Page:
The Game: You’re back in the maze, but this time, the stakes are increased, the danger is increased, and your strategic options are only slightly increased. Touching the walls, the robots, the robots’ laser blasts, or even your own ricocheted lasers are deadly. And of course, the inevitable appearance by Evil Otto is also deadly. However, you can temporarily repel the smiley little bugger by blasting him until his grin turns into the frown – but he will reappear mere seconds later, moving much faster every time he must retreat and reappear – so you’re not doing yourself any favors. If you enter a generator room, you can halt all the robots in their tracks by penetrating the walls surrounding the generator and blasting it. “Beaded” walls can be eaten away, bit by bit, by laser fire from anyone who shoots it, while solid walls will ricochet lasers around until they hit something – which could mean a death trap for you. (Coleco, 1984)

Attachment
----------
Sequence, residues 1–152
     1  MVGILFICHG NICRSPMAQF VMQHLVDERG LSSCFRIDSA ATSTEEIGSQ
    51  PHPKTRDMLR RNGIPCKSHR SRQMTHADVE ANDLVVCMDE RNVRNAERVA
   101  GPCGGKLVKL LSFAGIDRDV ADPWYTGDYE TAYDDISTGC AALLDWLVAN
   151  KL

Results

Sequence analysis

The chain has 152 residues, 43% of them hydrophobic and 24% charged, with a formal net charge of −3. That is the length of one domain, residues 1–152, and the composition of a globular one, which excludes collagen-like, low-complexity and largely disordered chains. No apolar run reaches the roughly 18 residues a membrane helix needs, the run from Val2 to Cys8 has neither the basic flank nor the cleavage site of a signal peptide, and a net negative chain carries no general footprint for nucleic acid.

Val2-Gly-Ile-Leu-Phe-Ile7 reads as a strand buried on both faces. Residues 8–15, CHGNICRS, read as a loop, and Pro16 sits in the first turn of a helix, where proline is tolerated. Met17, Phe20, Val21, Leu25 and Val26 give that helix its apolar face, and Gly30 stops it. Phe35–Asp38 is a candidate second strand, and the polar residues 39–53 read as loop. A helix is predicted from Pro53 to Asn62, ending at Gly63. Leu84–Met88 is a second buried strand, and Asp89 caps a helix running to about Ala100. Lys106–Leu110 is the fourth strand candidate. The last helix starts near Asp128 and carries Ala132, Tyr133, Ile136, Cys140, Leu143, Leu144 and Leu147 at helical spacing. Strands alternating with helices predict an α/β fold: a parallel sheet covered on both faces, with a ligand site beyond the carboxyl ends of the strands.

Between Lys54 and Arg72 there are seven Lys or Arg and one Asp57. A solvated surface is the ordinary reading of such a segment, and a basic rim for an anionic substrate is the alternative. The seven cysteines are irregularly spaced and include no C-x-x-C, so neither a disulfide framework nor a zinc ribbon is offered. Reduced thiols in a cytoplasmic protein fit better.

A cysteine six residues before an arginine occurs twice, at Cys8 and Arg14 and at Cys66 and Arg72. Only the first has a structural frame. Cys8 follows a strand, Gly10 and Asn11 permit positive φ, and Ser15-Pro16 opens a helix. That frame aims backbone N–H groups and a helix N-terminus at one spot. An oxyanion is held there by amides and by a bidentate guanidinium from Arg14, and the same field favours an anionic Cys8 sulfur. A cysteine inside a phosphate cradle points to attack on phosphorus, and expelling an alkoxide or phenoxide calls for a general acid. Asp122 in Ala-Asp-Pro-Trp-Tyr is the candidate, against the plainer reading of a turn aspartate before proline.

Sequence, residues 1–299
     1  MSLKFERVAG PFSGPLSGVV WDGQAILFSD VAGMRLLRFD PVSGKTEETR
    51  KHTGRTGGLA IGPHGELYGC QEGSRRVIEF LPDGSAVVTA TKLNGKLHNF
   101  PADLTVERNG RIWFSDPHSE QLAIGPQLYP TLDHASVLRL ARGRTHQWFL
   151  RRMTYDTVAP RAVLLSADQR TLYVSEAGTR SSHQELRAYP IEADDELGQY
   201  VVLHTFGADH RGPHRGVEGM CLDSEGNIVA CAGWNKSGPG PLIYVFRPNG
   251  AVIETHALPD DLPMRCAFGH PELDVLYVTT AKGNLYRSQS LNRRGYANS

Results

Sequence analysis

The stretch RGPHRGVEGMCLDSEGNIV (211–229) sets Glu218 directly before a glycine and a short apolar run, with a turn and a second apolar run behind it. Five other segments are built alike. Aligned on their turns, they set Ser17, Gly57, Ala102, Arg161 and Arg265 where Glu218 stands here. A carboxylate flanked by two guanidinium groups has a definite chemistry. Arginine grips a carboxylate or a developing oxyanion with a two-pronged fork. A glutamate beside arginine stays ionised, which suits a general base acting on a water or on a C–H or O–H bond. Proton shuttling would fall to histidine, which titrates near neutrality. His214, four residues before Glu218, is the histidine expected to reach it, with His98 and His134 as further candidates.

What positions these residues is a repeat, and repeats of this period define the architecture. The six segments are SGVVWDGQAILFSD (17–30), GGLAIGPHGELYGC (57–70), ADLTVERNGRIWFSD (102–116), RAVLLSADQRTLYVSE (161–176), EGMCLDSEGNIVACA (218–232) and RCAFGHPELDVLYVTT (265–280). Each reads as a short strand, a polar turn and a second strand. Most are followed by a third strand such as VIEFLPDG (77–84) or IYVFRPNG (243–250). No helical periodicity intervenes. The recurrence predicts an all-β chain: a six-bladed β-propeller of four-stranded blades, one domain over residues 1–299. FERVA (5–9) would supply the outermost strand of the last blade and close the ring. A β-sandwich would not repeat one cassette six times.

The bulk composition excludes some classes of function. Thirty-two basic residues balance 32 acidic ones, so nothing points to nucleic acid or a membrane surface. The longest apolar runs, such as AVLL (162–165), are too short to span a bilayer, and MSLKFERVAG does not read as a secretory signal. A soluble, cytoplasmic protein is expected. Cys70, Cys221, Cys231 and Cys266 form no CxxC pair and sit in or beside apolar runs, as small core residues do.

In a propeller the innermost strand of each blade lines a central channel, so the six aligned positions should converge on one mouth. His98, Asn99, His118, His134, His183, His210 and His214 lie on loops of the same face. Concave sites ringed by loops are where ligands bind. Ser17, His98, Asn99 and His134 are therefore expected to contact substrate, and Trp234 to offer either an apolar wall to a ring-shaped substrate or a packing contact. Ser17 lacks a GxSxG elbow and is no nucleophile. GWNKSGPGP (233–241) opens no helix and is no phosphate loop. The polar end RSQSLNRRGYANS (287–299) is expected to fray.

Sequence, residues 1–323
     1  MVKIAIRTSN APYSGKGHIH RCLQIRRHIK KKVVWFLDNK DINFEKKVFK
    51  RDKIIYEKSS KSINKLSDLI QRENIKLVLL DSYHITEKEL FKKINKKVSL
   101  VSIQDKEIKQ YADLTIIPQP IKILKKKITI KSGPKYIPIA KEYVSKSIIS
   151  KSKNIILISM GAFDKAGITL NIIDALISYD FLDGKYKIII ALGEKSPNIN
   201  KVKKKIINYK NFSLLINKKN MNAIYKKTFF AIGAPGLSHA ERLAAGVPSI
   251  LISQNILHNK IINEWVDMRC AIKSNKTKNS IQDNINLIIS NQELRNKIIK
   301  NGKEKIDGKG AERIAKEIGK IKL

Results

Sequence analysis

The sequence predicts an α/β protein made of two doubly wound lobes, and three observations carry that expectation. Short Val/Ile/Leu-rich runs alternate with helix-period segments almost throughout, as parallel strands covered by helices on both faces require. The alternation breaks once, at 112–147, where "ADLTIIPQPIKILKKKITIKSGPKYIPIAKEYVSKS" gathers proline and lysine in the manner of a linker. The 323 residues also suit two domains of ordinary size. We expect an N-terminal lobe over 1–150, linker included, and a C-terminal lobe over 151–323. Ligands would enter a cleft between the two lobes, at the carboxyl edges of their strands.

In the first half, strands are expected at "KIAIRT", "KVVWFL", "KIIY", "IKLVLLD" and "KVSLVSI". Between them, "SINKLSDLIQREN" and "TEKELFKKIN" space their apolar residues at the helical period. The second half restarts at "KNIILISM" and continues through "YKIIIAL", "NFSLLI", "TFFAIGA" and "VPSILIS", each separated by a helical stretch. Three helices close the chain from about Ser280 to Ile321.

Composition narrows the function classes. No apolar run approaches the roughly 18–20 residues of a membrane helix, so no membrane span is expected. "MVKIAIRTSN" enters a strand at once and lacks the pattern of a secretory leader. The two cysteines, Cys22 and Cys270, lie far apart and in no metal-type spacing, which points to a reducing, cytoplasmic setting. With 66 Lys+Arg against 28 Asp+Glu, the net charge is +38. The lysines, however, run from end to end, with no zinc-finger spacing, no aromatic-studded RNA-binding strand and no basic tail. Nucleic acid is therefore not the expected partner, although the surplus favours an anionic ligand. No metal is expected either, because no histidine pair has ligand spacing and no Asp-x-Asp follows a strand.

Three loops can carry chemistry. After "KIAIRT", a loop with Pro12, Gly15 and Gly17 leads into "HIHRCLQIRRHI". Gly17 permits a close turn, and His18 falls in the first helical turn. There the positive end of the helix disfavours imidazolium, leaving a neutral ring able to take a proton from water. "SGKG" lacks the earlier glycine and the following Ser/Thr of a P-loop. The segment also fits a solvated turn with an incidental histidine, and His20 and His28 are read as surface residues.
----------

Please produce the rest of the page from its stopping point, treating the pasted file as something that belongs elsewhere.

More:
Memories: It’s a bit of a rarity for an arcade manufacturer to license a sequel game to a different company than licensed the original, yet it happened in a handful of cases. Atari had licensed the arcade hit Berzerk and turned it into a near-perfect cartridge for the VCS, but when it came time to license the diabolically difficult follow-up for home video game play, it was Coleco who nabbed the rights.
Good thing, too, since the ColecoVision plays a damn near perfect game of Frenzy, except the bloody thing is faster than the arcade game. It still kicks my butt in several different directions simultaneously, but the home version of Frenzy is a hoot.
One recommendation: you might do well to get a hold of some working Super Action Controllers if you plan on playing this game. Those glorious sword-hilt-shaped joysticks offer a little more precision than the ColecoVision’s standard joysticks, and when you’re dodging robot laser fire or your own ricocheting shots, precision is what you’re going to need. (On the subject of getting killed, though, the ColecoVision version actually improves on the arcade game by showing your on-screen counterpart in a sort of flashing police-chalk-outline state when you do get shot, something the arcade game didn’t do.)